In my observer post, I am doing something similar to what I did in my first observer post awhile back, but I think this observer post offers some different perspectives for a number of reasons, and with the unique class on Tuesday, comparisons that can be made. I counted the frequency of times that each character in The Circle was mentioned in the GoogleDocs for L-Z on Tuesday and then kept track of the number of times anyone said a character in class, whether Dr. Sample mentioned a character or a student mentioned a character.
On Tuesday, the frequency of characters followed the questions on the GoogleDocs, with Mae brought up frequently, not only because she is the main character but also because of the first question of her being a “stand-in.” Also, Alistair is remarked on because of his connection to Mae as she adjusts to the Circle and also because of the question on the “totally optional” activities.
On Thursday, Mae is once again featured prominently in our discussions but also since we read the section on Mae’s superficial action on the activities in Guatemala, Ana Maria and Tania were read aloud. Mercer was a part of our discussion as we talked about his perceptions versus Mae’s as well.
Overall, I think looking at names instead of topics as opposed to my last post allows us to examine the difference between discussing multiple articles and a novel. Discussing a novel definitely feels more personal and we can utilize examples that are, in some ways, more relatable. Tuesday’s class was online and was solely devoted to answering the questions, so the frequency of names of characters brought up focused on the questions while Thursday we were present in Studio D to discuss a variety of topics and characters.
Frequency of Names Brought Up on Tuesday
Frequency of Names Brought Up on Thursday
This past Tuesday’s class we did a collaborative essay on “the Circle”, a book that we had been reading for the last week of class. It was the first time that I had been introduced to something of this nature. It was an interesting to watch the interactions that went on. For example, have the class stayed anonymous when they logged in to Google Docs, whole the other half had their names visible for everyone. I noticed for the most part that the people that stayed anonymous on the essay were more inclined to write more and throw out more thoughts than the people that were logged in. I think this is because they felt that since they were anonymous and nobody knew who was contributing what information, they were more likely to put out more creative thoughts. This was interesting to look at because it kind of dealt with the TruYou aspect of the book, in that in the book your anonymity was taken away when you went to a website and it caused things to be more civil and in a way less creative. Thinking back on the task of the collaborative essay, I wonder how it would be different, or if it would’ve been different if everyone had been told to stay anonymous as opposed to logging in, and vice versa. In my opinion based on my observations, I believe that everyone staying anonymous would have led to more free flowing ideas than there already were because people would not have been worried about the opinions of their peers.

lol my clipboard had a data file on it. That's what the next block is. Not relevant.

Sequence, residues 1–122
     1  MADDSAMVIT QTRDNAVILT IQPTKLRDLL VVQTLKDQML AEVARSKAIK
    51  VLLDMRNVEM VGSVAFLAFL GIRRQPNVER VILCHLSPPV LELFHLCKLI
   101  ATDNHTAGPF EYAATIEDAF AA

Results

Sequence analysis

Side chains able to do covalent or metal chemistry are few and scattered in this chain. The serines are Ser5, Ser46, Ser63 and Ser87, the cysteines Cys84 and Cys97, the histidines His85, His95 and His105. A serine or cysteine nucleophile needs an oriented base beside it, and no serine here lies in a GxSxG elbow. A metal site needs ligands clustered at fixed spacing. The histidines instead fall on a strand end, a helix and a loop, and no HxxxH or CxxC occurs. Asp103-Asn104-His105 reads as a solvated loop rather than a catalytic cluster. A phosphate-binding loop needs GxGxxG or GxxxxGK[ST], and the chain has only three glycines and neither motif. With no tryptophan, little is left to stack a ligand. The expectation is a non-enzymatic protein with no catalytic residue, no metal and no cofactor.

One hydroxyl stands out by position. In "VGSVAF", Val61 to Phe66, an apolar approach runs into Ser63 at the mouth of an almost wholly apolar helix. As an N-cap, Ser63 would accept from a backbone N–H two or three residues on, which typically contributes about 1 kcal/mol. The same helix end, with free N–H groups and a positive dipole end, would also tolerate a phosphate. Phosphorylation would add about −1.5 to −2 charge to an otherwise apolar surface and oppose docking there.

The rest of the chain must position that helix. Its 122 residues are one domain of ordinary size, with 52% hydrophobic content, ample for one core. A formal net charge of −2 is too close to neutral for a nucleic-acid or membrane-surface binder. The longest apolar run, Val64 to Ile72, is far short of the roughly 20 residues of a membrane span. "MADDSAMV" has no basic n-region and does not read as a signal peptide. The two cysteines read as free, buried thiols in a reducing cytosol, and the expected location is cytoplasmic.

Our class’ recent collaborative effort to answer the essay prompt posed some new interesting angles on Dave Eggers’ The Circle. We have recently discussed how the fictional events of the novel reveal some eerily familiar truths about the future path of society. Some readers take Eggers’ novel as playful satire while others cringe at its potentially prophetic nature. With the new construction plans for the Google headquarters in California, the events, products, interactions, and overall concept of The Circle suddenly don’t seem as farfetched. In a more local sense, the collaborative essay revealed a lot about online identities and anonymity, both prevalent concepts from the Circle.